- November 12, 2020
- 7:00 pm
- Online (US Pacific Time)
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One of the most distinguished voices in American literature, Pulitzer Prize-winning novelist and poet N. Scott Momaday has devoted much of his life to celebrating and preserving Native American culture, especially its oral tradition. A member of the Kiowa tribe who was born and grew up on Indian reservations throughout the Southwest, Dr. Momaday has a deep attachment to the land he knows well and loves deeply.
In his latest book, Earth Keeper: Reflections on an American Land, Dr. Momaday reflects on his native ground and its influence on his people and the person that he is. Earth Keeper is a story of attachment and a declaration of belonging, rooted in an oral tradition in which Dr. Momaday recalls stories of his childhood that have been passed down through generations, stories that reveal a profound and sacred connection to the American landscape and a reverence for the natural world. In this moving work, he offers an homage and a warning.
Join Indigenous scholar and activist Melissa Nelson for a conversation with Dr. Momaday on his life, his work, and the importance of remembering that the Earth is a sacred place of wonder and beauty; a source of strength and healing that must be protected before it’s too late. Dr. Momaday reminds us that we must all be keepers of the Earth.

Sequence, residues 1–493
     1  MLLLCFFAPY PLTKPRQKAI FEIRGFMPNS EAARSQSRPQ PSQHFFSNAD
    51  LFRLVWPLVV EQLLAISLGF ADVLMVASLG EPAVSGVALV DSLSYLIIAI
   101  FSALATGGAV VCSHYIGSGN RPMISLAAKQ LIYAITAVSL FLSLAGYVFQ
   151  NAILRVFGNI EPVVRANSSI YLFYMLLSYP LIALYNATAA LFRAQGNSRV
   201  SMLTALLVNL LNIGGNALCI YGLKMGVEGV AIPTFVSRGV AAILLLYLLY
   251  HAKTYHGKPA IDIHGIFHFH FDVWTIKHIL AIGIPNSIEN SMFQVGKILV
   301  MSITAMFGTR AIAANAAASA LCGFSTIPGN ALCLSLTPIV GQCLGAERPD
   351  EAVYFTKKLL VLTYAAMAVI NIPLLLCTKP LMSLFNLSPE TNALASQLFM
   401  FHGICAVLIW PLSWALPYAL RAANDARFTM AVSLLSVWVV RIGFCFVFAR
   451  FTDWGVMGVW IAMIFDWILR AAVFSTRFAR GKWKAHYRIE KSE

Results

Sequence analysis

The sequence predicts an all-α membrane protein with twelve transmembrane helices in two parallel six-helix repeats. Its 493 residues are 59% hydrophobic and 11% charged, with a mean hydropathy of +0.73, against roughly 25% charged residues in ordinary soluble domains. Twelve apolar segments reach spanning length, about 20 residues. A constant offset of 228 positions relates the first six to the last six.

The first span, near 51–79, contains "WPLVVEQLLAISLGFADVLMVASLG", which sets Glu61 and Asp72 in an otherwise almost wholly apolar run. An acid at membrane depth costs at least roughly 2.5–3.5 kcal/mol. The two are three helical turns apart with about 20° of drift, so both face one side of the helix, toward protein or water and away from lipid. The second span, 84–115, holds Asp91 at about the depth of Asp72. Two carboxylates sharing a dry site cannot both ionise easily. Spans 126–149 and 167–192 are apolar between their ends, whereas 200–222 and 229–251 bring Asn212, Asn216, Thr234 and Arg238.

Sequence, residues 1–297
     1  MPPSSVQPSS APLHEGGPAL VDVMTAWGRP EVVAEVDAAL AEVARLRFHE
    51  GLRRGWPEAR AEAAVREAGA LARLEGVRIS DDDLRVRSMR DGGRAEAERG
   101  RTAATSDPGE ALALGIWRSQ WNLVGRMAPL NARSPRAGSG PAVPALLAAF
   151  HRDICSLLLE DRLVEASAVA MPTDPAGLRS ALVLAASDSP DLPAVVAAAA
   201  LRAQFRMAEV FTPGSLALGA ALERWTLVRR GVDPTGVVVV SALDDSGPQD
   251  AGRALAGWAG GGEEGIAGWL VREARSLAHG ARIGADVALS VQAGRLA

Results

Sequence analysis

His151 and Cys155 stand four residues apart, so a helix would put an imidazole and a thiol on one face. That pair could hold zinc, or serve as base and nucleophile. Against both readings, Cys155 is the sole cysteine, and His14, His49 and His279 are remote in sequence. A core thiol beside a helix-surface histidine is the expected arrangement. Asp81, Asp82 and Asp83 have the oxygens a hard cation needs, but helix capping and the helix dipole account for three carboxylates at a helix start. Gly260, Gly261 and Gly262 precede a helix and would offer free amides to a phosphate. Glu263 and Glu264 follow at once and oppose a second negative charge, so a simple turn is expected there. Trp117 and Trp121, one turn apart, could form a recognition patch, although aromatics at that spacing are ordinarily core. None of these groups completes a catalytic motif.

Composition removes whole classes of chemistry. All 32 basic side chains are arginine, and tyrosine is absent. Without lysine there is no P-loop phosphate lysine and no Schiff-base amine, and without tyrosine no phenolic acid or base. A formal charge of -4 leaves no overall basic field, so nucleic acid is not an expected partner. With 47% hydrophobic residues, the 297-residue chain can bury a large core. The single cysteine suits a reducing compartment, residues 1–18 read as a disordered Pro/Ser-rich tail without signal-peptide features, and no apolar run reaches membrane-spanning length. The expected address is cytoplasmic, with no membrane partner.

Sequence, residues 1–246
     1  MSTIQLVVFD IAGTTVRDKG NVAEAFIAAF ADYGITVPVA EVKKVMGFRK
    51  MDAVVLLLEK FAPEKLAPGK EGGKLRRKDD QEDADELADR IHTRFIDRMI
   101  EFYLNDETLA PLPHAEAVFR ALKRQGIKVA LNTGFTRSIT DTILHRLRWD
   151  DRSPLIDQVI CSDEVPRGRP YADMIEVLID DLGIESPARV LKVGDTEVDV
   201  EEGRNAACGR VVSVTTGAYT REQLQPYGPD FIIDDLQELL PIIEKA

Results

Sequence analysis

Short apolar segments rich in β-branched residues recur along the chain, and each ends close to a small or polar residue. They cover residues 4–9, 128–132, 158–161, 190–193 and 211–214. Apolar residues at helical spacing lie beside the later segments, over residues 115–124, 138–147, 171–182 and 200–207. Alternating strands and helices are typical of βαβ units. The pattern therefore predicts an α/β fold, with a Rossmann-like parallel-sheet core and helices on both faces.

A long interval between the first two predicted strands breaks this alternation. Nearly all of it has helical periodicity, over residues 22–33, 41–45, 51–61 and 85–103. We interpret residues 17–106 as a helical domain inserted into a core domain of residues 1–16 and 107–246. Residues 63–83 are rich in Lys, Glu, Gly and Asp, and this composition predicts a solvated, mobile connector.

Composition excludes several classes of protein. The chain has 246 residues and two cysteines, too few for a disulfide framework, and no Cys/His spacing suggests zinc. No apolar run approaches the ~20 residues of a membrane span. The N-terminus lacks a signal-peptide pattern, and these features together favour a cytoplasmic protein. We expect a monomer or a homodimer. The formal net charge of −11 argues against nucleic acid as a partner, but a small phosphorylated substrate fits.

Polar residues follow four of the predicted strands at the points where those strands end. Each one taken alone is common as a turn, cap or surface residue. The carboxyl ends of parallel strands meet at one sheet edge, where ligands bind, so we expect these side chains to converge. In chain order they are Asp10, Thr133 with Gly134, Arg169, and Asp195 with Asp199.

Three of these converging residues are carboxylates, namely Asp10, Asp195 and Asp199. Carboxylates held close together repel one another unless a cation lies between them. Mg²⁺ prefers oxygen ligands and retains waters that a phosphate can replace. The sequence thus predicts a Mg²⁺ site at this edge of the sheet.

Please note that this talk/conversation will be hosted live online and includes an audience Q&A. Instructions on how to join the conversation will be included in your event confirmation email. If you need additional assistance finding or joining the event, please email email@example.com.
N. Scott Momaday was born in 1934 in Lawton, Oklahoma. A poet, novelist, playwright, teacher, and painter, his accomplishments in literature, scholarship, and the arts have established him as an enduring American master. He is the recipient of numerous awards and honors including the Pulitzer Prize for his novel, House Made of Dawn, a National Medal of Arts, the Academy of American Poets Prize, the Anisfield-Wolf Book Award for Lifetime Achievement, and the Dayton Literary Peace Prize Ambassador Richard C. Holbrooke Distinguished Achievement Award. A longtime professor of English and American, literature, Dr. Momaday earned his PhD from Stanford University and retired as Regents Professor at University of Arizona. He lives in Santa Fe, New Mexico.
Melissa K. Nelson, Ph.D. (Anishinaabe/Métis [Turtle Mountain Chippewa]), is an ecologist, writer, editor, media-maker and Indigenous scholar-activist. Her work is dedicated to Indigenous rights and sustainability, biocultural heritage and environmental justice, intercultural solidarity, and the renewal and celebration of community health and cultural arts. She actively advocates for Indigenous Peoples rights and sustainable lifeways in higher education, nonprofits, and philanthropy, and is particularly passionate about Indigenous food sovereignty at local, regional and global levels. Melissa served as a professor of American Indian Studies at San Francisco State University from 2002 to 2020. She is now Professor of Indigenous sustainability at Arizona State University and continues to work with the Cultural Conservancy, which she has led since 1993. Melissa is the editor of and a contributor to Original Instructions: Indigenous Teachings for a Sustainable Future (2008), and co-editor of and contributor to Traditional Ecological Knowledge: Learning From the Indigenous Practices for Environmental Sustainability (2018).